5th Period Coniferous ForestPresentation Transcript
By: Ariana C Coniferous Forest
the average temperature is below freezing for six months of the year. Total yearly precipitation in the taiga is 12 - 33 inches. Sometimes snowfall.
Humid summer months
There is not much diversity in the taiga, because many plants cannot survive such harsh conditions. Lichens and mosses are important, but most of the plants are evergreen trees. There are many types of coniferous trees such as pine, spruce, hemlock, and fur.
The trees are narrow and grow very close together. This is so they can help protect each other from the weather. That snow and wind can be really cold!
Plants of the taiga
Herbivores –American Elks-plants and grass
Yellow Bellied Sapsuckers-sap, grass, and plants
American Dippers- grass and plants
Carnivores – The black bear- eats fish and small mammals
Hawk owl- small mammals
Red throated loon- fish
Animals in the Biome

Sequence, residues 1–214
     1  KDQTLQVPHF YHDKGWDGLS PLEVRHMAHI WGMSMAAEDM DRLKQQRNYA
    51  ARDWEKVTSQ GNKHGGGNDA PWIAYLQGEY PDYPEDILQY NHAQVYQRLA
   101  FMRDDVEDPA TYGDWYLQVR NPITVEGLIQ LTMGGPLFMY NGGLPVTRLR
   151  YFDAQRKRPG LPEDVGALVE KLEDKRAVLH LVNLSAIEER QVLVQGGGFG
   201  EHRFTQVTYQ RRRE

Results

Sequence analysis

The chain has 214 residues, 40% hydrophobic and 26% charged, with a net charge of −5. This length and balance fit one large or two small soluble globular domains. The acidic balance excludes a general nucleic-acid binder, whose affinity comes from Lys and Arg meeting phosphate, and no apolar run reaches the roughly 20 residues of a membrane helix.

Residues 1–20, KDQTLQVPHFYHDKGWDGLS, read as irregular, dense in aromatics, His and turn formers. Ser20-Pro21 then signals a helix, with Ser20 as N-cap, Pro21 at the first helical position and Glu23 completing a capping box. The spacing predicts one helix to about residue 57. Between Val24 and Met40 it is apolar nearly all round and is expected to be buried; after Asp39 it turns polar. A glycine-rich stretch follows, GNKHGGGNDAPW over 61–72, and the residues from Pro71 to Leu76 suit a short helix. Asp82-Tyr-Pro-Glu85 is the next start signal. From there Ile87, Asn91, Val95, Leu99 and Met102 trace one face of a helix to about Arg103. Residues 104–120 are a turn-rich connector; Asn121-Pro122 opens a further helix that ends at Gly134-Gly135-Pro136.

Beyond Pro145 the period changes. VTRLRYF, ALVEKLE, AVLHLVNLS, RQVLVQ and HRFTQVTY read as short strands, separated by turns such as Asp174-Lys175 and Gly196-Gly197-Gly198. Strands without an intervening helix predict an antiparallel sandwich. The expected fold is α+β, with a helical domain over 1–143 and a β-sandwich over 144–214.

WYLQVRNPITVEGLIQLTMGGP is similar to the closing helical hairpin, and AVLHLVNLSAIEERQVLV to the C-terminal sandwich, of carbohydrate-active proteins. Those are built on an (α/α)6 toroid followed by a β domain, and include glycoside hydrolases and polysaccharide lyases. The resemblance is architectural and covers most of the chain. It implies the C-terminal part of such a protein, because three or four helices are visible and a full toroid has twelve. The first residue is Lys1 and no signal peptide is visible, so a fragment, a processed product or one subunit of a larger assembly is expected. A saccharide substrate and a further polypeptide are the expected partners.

Life in the taiga can be cold and dreary. Snow, cold, and a scarcity of food make life very difficult, especially in the winter. Some taiga animals migrate south, others go into hibernation, while others simply cope with the environment.
Adaptations of Animals in Biome
Sample Food Chain From Biome
Global Warming - Biologists and scientists think temperature changes over the next century may occur at rates 15 to 50 times faster than historical averages. Organisms will have trouble responding to these changes and will face even greater odds of surviving. Extreme changes in temperature and precipitation could cause climatic zones to shift several hundred kilometers toward the poles over the next 50 years. Climatologists are also predicting that the area covered by the taiga will be lowered by 50-90%.
Human Impact on Biome
1. The winters are up to six months with mean temperatures and short summers. They have 50-100 frost free days. 2. The worlds oldest trees are the bristlecone pines. One of them is 4,600 years old, and it is located in a Taiga. 3. Needless actually help keep coniferous tree warm during the winter.